Taken for what it is, the Buffalo Bills did about as well as they could have done with Wednesday's signing of AJ McCarron.
They needed a temporary quarterback solution, someone who could possibly get them through some games, maybe a season, while their actual long-term starter who has yet to join the team watches and learns. That's the definition of a "bridge."
Who knows? After a competition, McCarron could very well be the one watching as the QB the Bills are fully expected to select in the first round of next month's NFL Draft starts from Day One.
Either way, McCarron fits the profile of what the Bills envisioned as the experienced arm they previously lacked. After trading Tyrod Taylor to the Cleveland Browns last Friday, 2017 rookie Nathan Peterman was the only quarterback the Bills had.
Words like "experienced" and "veteran" have to be used loosely with McCarron. Despite spending the past four seasons with the Cincinnati Bengals, he was a backup who only made three regular-season starts and also started a wild-card playoff game.
He didn't have the accomplished resume of many of the other free-agent quarterbacks who received more money in the open market than the two-year, $10-million contract Pro Football Talk reported that McCarron got.
But for the role the Bills had in mind for a quarterback they would acquire in free agency -- making a trade with the Philadelphia Eagles for Nick Foles never seemed as a genuine option -- they didn't need to pay a whole lot more. They gave McCarron a contract befitting a backup, with the chance to increase his pay by as much as $6.5 million depending on how much he plays.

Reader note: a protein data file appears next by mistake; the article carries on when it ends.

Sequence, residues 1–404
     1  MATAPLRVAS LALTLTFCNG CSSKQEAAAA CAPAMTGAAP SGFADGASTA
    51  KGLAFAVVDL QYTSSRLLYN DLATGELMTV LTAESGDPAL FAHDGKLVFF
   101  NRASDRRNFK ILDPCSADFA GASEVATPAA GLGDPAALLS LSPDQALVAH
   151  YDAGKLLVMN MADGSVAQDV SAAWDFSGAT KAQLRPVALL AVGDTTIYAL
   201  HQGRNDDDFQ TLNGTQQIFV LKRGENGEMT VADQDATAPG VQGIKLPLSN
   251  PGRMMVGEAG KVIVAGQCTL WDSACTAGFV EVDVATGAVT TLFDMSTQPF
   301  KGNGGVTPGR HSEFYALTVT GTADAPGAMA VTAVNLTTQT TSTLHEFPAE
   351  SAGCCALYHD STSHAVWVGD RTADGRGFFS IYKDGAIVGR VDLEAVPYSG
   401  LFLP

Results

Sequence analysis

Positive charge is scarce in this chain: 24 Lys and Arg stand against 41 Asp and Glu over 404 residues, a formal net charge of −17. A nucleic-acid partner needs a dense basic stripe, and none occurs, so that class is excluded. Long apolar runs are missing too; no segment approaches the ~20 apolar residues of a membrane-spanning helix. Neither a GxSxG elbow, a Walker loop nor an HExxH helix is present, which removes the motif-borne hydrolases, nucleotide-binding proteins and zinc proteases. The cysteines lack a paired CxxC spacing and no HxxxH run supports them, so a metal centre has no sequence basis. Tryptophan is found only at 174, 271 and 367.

And how much he plays takes us back to the most important aspect of the Bills' quarterback picture in 2018 and beyond: Who they draft on April 26.
McCarron is the second piece of that puzzle that has come courtesy of the Bengals. The first is the 12th overall pick the Bills acquired in exchange for the 21st choice and offensive tackle Cordy Glenn.
That trade opens the door to the likelihood of the Bills packaging the 12th and the 22nd pick (from last year's trade with Kansas City) to climb higher for their franchise quarterback, if the one they target doesn't fall to them at 12.
That will be the thrust of pretty much all of the Bills' quarterback discussion after April 26.
McCarron is an afterthought. Most any free-agent QB the Bills would have signed this side of Kirk Cousins would have been viewed through the prism of someone keeping the seat warm for USC's Sam Darnold, UCLA's Josh Rosen, Oklahoma's Baker Mayfield or Wyoming's Josh Allen.
That isn't to say McCarron is incapable of making a meaningful contribution. He's an unknown quantity and he has a chance to carve out something that has yet to happen for him as a pro.
His statistics in 11 career regular-season games are solid: 920 passing yards and six touchdown throws, with two interceptions. The same goes for what he did in a wild-card playoff start against the Pittsburgh Steelers, completing 23 of 41 passes for 212 yards and a touchdown, with one interception.
Nevertheless, there are reasons McCarron entered the league as a fifth-round draft pick from Alabama. And there are reasons, despite helping the Crimson Tide win back-to-back BCS national championships, the Bengals saw fit to keep him as a backup. And there are reasons the Bengals were ready to trade him to Cleveland last season before a technical snafu on the part of the Browns scuttled the deal.
His limited talent told the Bengals they were better off sticking with Andy Dalton as their starter, even though fan unrest with the team's perpetual one-and-done playoff appearances led to calls for McCarron to take over.
The Bengals weren't wrong to stick with Dalton. The Bills know what McCarron is and wisely made him the modest choice for a modest role, which is to serve as an understudy (eventually or immediately) for the rookie quarterback who has yet to join their roster.